204. The other is rather Pageantry than State.

[Page 71]


205. A True, and a Good Servant, are the same Thing.

206. But no Servant is True to his Master, that De­frauds him.

207. Now there are many Ways of defrauding a Master, as, of Time, Care, Pains, Re­spect, and Reputation, as well as Money.

208. He that Neglects his Work, Robs his Master, since he is Fed and Paid as if he did his Best; and he that [Page 72] is not as Diligent in the Ab­sence, as in the Presence of his Master, cannot be a true Servant.

209. Nor is he a true Servant, that buys dear to share in the Profit with the Seller.

210. Nor yet he that tells Tales without Doors; or deals basely in his Ma­ster's Name with other Peo­ple; or connives at others Loiterings, Wastings, or dis­honourable Reflections.

211. So that a true Ser­vant is Diligent, Secret, and Respectful: More Tender of [Page 73] his Master's Honour and Interest, than of his own Profit.

212. Such a Servant de­serves well, and if Modest under his Merit, should li­berally feel it at his Master's Hand.


213. It shews a Depra­ved State of Mind, to Cark and Care for that which one does not need.

214. Some are as eager to be Rich, as ever they were to Live: For Superfluity, as for Subsistance.

[Page 74]215. But that Plenty should augment Covetousness, is a Perversion of Providence; and yet the Generality are the worse for their Riches.

216. But it is strange, that Old Men should excel: For generally Money lies nearest them that are nearest their Graves: As if they would augment their Love in Proportion to the little Time they have left to en­joy it: And yet their Plea­sure is without Enjoyment, since none enjoy what they do not use.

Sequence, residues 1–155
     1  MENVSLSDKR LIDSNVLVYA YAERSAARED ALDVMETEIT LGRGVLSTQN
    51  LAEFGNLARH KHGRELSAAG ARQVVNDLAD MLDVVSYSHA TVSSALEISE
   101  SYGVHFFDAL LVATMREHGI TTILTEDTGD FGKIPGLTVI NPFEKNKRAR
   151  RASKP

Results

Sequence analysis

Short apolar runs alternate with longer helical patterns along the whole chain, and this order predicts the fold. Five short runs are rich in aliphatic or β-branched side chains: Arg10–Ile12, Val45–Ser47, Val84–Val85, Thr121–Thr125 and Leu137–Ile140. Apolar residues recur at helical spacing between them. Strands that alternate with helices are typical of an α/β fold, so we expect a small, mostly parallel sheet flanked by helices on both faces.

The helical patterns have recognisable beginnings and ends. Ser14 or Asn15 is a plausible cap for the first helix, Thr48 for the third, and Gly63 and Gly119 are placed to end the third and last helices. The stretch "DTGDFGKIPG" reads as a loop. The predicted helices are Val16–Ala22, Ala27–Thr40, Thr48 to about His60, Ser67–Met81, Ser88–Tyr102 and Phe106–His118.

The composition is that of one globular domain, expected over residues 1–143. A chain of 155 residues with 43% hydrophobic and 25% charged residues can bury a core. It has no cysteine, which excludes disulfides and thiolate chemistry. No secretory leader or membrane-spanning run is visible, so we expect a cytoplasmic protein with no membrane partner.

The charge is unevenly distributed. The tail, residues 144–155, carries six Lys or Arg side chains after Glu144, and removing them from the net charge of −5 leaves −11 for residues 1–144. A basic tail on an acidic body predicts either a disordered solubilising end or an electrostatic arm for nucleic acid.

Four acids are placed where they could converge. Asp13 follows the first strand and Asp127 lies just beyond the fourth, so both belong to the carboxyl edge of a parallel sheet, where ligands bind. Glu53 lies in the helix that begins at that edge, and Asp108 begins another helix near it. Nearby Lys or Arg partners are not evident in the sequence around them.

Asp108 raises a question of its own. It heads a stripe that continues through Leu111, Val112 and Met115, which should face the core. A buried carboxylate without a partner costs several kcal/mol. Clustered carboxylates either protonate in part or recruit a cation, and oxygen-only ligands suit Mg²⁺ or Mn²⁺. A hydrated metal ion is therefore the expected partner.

217. So that instead of learning to leave their great Wealth easily, they hold the [Page 75] Faster, because they must leave it: So Sordid is the Temper of some Men.

218. Where Charity keeps Pace with Gain, Industry is blessed: But to slave to get, and keep it Sordidly, is a Sin against Providence, a Vice in Government, and an Injury to their Neighbours.

219. Such are they as spend not one Fifth of their Income, and, it may be, give not one Tenth of what they spend, to the Needy.

220. This is the worst sort of Idolatry, because there can be no Religion in it, nor Ig­norance pleaded in Excuse of [Page 76] it; and that it wrongs other Folks that ought to have a Share therein.

Of the INTEREST of the PUB­LICK in our ESTATES.

221. Hardly any Thing is given us for our Selves, but the Publick may claim a Share with us. But of all we call ours, we are most accountable to God and the Publick for our Estates: In this we are but Stewards, and to Hord up all to our selves, is great Injustice, as well as Ingratitude.

222. If all Men were so far Tenants to the Publick, that the Supersluities of Gain [Page 77] and Expence were apply­ed to the Exigencies there­of, it would put an End to Taxes, leave never a Beg­gar, and make the greatest Bank for National Trade in Europe.

223. It is a Judgment upon us, as well as Weakness, tho' we wont see it, to begin at the wrong End.

224. If the Taxes we give, are not to maintain Pride, I am sure there would be less, if Pride were made a Tax to the Govern­ment.

225. I confess I have wondered that so many [Page 78] Lawful and Useful Things are Excised by Laws, and Pride lest to Reign Free over them and the Pub­lick.

226. But since People are more afraid of the Laws of Man than of God, because their Punishment seems to be nearest: I know not how Magistrates can be excused in their suffering such Ex­cess with Impunity.

227. Our Noble English Patriarchs as well as Patri­ots, were so sensible of this Evil, that they made seve­ral excellent Laws, com­monly called Sumptuary, to Forbid, at least Limit the [Page 79] Pride of the People; which because the Execution of them would be our Interest and Honour, their Neglect must be our just Reproach and Loss.

228. 'Tis but Reasonable, that the Punishment of Pride and Excess, should help to support the Government, since it must otherwise inevitably be ruined by them.

229. But some say, It ruins Trade, and will make the Poor Burthensome to the Publick: But is such Trade in Consequence ru­ins the Kingdom, is it not Time to ruin that Trade? Is Moderation no Part of [Page 80] our Duty, and Temperance an Enemy to Government?

230. He is a Judas, that will get Money by any Thing.

231. To wink at a Trade that effeminates the People, and invades the Ancient Dis­cipline of the Kingdom, is a Crime Capital, and to be se­verely punish'd, instead of being excused by the Magi­strate.

232. Is there no better Employment for the Poor than Luxury? Miserable Na­tion!